Yesterday afternoon investigators recovered the body of David Vowell, the 70-year-old Tennessee man wanted in connection with the death of two duck hunters on Reelfoot Lake. Authorities found Vowell in the water “near the area of the incident.”

The discovery comes nearly a week after the manhunt began for Vowell, who was suspected of committing a double-homicide in the deaths of hunters Chance Black and Zackery Grooms, which occurred Monday morning on the north end of Reelfoot Lake, a historic waterfowling area. High water and adverse conditions forced authorities to suspend their search on Wednesday, but they resumed the search by land, water, and air Friday. The Tennessee Bureau of Investigation has confirmed that an autopsy will be performed, but did not provide details as to the cause of death.

District Attorney General Tommy Thomas has relayed to news outlets the account of one reported witness, Jeff Crabtree, who said he went to hunt with Black and Grooms around 6 a.m. on Monday. Thomas spoke with Thunderbolt News in a radio interview Wednesday, relaying Crabtree’s account:

“Around 9 o’clock in the morning up comes the suspect, Mr. Vowell, in the boat and asks if he can hunt out of the blind. I think they were in the process of leaving. According to the witness Mr. Vowell loaded his shotgun while still in his boat, he ended up shooting the two victims. Crabtree knocked Vowell in the head and threw his gun in the water, took off to the shore to take the two injured people, men, to try to get them help. They didn’t last very long unfortunately. But it’s bizarre. I’ve never seen anything quite like this. Routinely we have a homicide, then there’s a motive. Here, we don’t have one.”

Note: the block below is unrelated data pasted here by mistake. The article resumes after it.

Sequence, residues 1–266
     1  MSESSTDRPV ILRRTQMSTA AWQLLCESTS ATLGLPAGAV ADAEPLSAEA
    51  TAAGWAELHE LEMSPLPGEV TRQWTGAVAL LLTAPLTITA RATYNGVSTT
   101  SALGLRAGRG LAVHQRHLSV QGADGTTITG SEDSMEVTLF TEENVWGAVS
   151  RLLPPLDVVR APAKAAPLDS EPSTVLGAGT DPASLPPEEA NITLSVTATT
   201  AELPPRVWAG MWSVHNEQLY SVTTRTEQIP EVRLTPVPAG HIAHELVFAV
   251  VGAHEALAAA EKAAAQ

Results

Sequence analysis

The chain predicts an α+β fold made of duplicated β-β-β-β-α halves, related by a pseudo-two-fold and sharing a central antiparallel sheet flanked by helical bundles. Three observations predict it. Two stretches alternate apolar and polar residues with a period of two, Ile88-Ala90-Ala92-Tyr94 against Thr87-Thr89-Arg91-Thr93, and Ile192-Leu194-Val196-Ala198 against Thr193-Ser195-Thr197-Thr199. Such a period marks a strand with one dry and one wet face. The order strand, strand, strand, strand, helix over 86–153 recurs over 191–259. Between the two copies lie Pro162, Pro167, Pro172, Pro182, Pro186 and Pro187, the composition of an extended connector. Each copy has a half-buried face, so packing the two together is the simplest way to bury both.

Vowell was a retired owner of Vowell & Sons, a family lumber business in Martin, and has no adult arrest or criminal record in the state of Tennessee.

WREG Memphis reports that Vowell’s cousin, Steve Vowell, said David Vowell was, “one of the most mild-mannered folks you’ll ever meet,” and that “the only time David Vowell would point his gun at another human being is in self-defense.”

Black, 26, and Grooms, 25, both of Weakley County, grew up together and attended the same high school in Greenfield. Black is the son of Mark Black, chief deputy of the Weakley County Sheriff’s Department, and was a full-time manager in the gun department at Final Flight Outfitters in Union City. The retailer, owned by champion goose caller Kelley Powers and his family, posted a statement about Black’s death on Facebook.

“We lost a member of our team today, Chance Black,” part of the statement reads. “He was shot and killed, along with his friend, while duck hunting on Reelfoot Lake. Chance was a full-time manager in our gun department, and what an honor it has been for us to have him on our team. We ask for prayers for Chance’s family, friends, and all others involved as we navigate the impact of their deaths.”